It was easy to miss the recent news that America had invaded France, Italy and Germany, with a couple of smaller European powerhouses.
Sure, it sounds important but at the time there was much more pressing news to report.
An inexplicably popular dating TV show had spluttered to what the nation was calling a thoroughly unsatisfying climax.
Despite being underwhelmed by its ending, the public still had an insatiable appetite for news on this bullpaki and relentlessly shovelled big helpings of it down their drooling mouth holes before demanding more, more, more.
Naturally, a few things like the American invasion of Europe were bound to slip through the cracks during such a busy news time.
As far as invasions go it was a fairly minor one, consisting only of documentarian Michael Moore's army of one and his film crew.
Throughout Where to Invade Next, in cinemas now, Moore would shuffle into countries where they do things right and land-grab their ideas to take back to America where so much is done wrong.
The spoils of Moore's war were bountiful. From Italy, five months maternity pay at 80 per cent of salary and the law that sees each worker receive a yearly Christmas "bonus" of an extra full month's pay.
From the French, he got three-course gourmet school lunches and free daycare. Finland gave him an end to private schools and Slovenia gave free university education. From Germany he nabbed the law that half of a company's board must consist of workers while Iceland contributed a 40 per cent gender representation on company boards.
It was fairly unsexy stuff. With the shambolic Moore leading the charge, how could it not be? But it gave me much to think about.
I'm not really a huge fan of doing that. Firstly, because it hurts mah brain, and secondly because thinking about things like this tends to bum me out. I'm much happier being distracted by discussions about, say, 2016's best album so far or a flag than I am considering the gross short-sightedness of outrageous tertiary education fees or the cynical railroading of a lopsided and potentially disastrous free trade deal.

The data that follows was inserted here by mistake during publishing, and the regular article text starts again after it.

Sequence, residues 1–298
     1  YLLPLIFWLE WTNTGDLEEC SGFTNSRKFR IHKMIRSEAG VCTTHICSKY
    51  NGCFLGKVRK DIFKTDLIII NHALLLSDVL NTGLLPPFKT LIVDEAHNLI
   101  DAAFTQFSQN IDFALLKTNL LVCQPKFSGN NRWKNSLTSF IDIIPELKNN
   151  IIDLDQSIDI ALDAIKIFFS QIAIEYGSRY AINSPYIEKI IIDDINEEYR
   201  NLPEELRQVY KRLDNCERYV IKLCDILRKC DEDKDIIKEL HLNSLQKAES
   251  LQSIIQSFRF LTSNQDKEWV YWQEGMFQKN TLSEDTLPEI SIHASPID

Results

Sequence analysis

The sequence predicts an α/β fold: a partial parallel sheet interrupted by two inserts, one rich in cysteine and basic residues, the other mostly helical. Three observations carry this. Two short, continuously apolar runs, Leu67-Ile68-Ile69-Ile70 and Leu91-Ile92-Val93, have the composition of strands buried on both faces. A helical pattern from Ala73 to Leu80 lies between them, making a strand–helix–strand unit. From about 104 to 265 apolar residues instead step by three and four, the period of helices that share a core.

As Moore's war rolled on and his greedy hands swiped the cream of Europe's social ideologies, I couldn't help but compare all the gobsmackingly great policies going on overseas, and the astounding results these policies were having, with the rubbish policies we were bringing in here and how we seemed to be quite willingly eschewing much of our own good stuff in favour of waltzing down America's lousy path.
Some captured policies were easy to grasp, like Finland's law against declaring products "the best". Others, like Norway's lovely prisons or Portugal's drug attitudes, challenged convention.
But all were backed up by startlingly good results. All hammered home the shoddy policies being implemented here and how it is starting to feel like a slow crumbling of a once-decent society.
When the Government's most successful social policy of the past few years is Max Key, you know you've got problems, man.
We Kiwis used to pride ourselves on giving everyone a fair go and on being good, decent people. We have free healthcare and had free education. We banned nukes, went green and gave every person a vote before it was cool. We started the process of making peace with the past to secure a future. We had a place where everyone could afford to get educated, get a job, live in a house and raise a family.
We had paradise. A slice of heaven. Then we got greedy and it all went to shit.
Now families can't afford houses, kids don't have any lunches, corporations are dodging taxes, rates are going up, the cost of living is going up, students are being arrested at airports, people are living in cars, there's more homeless in the streets, poverty is growing, child abuse stats are appalling ... it's just a never-ending misery.
Watching Moore battle for what is, at its heart, just common decency and a restraint of pure greed really hammered home how many great things we once had or have since watered down as we rush to emulate the States.
It was a sentiment Moore shared when he spoke to Radio New Zealand.
"I would not try to emulate us in these ways," he said. "You already do ... but it can be worse. You want to stop that.
"You want to preserve those good things that you had over the years, the belief system that you have, the values that you have."
As I left the cinema it slowly dawned on me that Moore had not invaded us. We had nothing he wanted. And that, my friends, was something to really think about.